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Female participation in schools

  • Context (DTE): NGO Child Rights and You (CRY) has launched a nationwide campaign, “Poori Padhai Desh Ki Bhalai”, to increase the participation of the girl child in Indian schools.

Status of female education in India

  • 2011 census data: Male literacy rate stood at 82.14%, whereas for females, it was lower at 65.46%.
  • Estimates indicate that in rural India, only one out of every 100 girls reach class 12, and 40% of girls drop out before completing the fifth standard.
  • Over the last decade, rural women have shown the highest increase in literacy rates, with a rise of 26%.
  • Female gross enrolment ratio at the elementary level is 94.32%, slightly higher than 89.28% for boys.
  • Similarly, at the secondary level, girls have an enrolment ratio of 81.32%, compared to 78% for boys, and at the higher secondary level, girls achieve a ratio of 59.7% versus 57.54% for boys.
  • According to the “World Employment and Social Outlook Trends for Women 2018 report, more women today are educated and actively participating in the labour market than ever before.

Challenges faced by females in accessing education

  • The disparity persists despite the rapid increase in female enrolment since the 1990s.
  • High dropout rates and lower attendance among girls compared to boys.
  • Within government schools, issues such as overcrowded classrooms, teacher absenteeism, lack of sanitation facilities, including girls’ toilets, and overall poor infrastructure remain common concerns.
  • Social norms and customs, such as early marriages and restrictions on girls’ mobility outside their homes and villages, contribute to lower female attendance and dropout rates.
  • Health issues, including frequent illnesses due to inadequate nutrition and unsanitary living conditions, also affect girls’ attendance and educational outcomes.
  • Economic constraints and traditional gender roles often lead families to prioritise boys’ education over girls’, as girls are perceived to be less employable.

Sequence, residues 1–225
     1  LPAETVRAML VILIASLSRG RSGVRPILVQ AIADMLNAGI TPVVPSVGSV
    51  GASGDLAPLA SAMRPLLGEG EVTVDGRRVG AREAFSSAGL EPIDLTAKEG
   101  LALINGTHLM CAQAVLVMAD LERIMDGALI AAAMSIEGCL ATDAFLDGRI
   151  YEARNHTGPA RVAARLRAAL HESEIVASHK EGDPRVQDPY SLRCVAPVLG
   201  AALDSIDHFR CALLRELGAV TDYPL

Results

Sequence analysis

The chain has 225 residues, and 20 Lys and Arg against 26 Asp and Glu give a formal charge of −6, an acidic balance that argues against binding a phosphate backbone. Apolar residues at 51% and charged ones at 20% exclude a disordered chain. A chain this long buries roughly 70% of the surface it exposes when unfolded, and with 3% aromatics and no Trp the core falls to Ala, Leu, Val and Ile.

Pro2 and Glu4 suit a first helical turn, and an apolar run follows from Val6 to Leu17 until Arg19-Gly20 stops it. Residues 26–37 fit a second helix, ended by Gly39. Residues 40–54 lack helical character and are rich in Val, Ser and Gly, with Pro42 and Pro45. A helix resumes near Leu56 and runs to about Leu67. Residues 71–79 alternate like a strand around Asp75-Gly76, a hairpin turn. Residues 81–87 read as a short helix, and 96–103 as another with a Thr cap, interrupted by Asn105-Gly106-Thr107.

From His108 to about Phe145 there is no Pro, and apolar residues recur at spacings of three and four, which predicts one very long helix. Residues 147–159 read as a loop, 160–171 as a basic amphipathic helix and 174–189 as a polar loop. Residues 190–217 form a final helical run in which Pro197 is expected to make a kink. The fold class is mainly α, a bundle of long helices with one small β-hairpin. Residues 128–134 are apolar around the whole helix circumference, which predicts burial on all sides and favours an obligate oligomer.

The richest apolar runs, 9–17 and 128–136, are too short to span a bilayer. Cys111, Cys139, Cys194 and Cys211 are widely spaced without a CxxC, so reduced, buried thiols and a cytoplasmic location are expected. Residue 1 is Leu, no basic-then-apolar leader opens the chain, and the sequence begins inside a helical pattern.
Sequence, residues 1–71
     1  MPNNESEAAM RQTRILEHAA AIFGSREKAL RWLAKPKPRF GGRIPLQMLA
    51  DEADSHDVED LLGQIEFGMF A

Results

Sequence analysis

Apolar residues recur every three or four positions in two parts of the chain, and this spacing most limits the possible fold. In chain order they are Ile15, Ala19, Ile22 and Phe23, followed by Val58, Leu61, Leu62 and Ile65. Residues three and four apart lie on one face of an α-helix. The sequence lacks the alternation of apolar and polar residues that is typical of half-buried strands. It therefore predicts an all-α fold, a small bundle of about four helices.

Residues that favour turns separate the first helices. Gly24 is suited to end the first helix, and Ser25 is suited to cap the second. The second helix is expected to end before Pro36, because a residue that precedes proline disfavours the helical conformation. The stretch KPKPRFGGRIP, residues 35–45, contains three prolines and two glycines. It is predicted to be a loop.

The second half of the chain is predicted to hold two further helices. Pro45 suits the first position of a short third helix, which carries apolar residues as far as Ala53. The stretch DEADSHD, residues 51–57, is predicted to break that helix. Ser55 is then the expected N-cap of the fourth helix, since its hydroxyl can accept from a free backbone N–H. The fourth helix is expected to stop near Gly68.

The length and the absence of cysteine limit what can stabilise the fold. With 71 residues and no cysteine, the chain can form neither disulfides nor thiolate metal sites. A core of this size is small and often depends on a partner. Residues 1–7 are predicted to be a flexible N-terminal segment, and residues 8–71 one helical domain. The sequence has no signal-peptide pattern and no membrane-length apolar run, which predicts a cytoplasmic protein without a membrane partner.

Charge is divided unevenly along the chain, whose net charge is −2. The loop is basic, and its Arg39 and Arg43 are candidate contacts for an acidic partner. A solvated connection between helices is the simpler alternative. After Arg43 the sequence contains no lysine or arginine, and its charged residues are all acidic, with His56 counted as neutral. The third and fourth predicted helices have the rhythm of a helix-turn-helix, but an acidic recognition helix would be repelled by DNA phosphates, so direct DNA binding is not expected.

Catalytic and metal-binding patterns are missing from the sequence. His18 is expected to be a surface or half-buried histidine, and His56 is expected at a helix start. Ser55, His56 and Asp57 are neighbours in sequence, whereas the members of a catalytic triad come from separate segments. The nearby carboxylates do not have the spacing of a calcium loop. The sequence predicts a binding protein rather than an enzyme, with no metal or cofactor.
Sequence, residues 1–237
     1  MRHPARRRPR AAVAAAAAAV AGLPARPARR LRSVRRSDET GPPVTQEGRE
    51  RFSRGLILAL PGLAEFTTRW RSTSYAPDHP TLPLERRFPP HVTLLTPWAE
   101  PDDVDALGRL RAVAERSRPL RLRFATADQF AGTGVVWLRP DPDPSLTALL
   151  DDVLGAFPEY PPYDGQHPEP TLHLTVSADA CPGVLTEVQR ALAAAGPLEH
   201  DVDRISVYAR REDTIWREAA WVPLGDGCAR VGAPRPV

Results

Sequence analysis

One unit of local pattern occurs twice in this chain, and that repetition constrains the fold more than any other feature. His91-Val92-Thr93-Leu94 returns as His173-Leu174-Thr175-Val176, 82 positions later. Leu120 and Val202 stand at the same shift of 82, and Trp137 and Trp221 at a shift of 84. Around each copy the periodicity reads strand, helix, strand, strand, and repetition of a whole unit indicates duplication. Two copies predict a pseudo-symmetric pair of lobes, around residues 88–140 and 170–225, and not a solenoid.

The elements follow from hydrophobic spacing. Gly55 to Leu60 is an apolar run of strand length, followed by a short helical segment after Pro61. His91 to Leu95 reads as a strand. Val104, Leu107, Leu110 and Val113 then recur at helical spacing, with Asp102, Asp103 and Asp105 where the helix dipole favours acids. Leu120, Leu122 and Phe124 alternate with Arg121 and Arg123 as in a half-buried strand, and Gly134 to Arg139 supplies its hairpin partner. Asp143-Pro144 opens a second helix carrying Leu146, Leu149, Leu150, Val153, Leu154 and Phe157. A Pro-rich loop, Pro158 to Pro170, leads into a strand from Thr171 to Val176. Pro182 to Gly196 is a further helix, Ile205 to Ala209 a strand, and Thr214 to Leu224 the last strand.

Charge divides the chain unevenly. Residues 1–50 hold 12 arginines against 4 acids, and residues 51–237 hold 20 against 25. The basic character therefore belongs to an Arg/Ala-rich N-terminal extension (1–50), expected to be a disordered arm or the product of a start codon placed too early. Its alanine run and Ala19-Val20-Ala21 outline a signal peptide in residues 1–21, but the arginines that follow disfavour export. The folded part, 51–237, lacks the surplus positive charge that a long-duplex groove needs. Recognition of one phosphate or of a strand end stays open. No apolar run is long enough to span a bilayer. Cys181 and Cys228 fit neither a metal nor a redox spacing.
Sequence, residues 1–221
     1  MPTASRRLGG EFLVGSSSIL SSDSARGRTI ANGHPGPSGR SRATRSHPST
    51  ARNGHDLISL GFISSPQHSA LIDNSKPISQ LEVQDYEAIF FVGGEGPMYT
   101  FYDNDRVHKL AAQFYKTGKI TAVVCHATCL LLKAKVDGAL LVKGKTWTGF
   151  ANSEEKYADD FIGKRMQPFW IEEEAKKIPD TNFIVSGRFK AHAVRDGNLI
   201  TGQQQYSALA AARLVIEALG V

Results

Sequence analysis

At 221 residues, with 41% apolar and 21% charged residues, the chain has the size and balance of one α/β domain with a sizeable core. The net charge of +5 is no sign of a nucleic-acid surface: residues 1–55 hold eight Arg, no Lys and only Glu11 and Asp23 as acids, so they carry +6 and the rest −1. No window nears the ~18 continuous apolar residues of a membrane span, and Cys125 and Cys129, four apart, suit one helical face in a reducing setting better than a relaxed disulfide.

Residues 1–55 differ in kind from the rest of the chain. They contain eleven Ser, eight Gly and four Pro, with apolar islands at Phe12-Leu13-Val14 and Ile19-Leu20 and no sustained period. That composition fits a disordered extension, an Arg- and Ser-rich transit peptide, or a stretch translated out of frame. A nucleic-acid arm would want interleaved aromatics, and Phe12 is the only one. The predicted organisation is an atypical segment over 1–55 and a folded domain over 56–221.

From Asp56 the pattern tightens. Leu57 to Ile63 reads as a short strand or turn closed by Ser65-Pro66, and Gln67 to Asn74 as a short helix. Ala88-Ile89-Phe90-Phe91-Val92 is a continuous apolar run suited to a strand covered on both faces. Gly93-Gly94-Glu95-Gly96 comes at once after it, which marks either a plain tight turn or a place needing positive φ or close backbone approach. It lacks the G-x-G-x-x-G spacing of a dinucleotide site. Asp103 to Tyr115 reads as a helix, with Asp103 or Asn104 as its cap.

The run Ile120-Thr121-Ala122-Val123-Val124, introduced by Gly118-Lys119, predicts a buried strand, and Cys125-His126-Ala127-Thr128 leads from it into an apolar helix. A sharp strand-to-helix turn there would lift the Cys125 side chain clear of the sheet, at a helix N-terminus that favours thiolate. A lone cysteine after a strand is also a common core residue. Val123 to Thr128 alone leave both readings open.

• Patriarchal attitudes and societal perceptions contribute to the marginalisation of women in social, political, and economic spheres, limiting their opportunities and voice in development discussions.
  • Concerns over violence against women and security issues further contribute to barriers to girls’ education, affecting their ability to attend school regularly and safely.

Government schemes for uplifting female education

  • Beti Bachao Beti Padhao (BBBP) Scheme: Launched in 2015, this scheme focuses on improving the declining child sex ratio and ensuring the education and empowerment of girls.
  • Sarva Shiksha Abhiyan (SSA): Although not exclusively for girls, SSA aims to provide universal elementary education. It includes interventions to improve girls’ access to and quality of education.
  • Support to Training and Employment Program for Women (STEP): Ministry of Women and Child Development initiative to provide skills training and employment opportunities to women.
  • National Scheme of Incentives to Girls for Secondary Education (NSIGSE): This scheme provides financial incentives to encourage girls from poor backgrounds to complete secondary education.
  • Udaan Scheme: CBSE initiative to promote girls’ education by providing support for their entry into technical education programs (such as engineering) through coaching and financial assistance.
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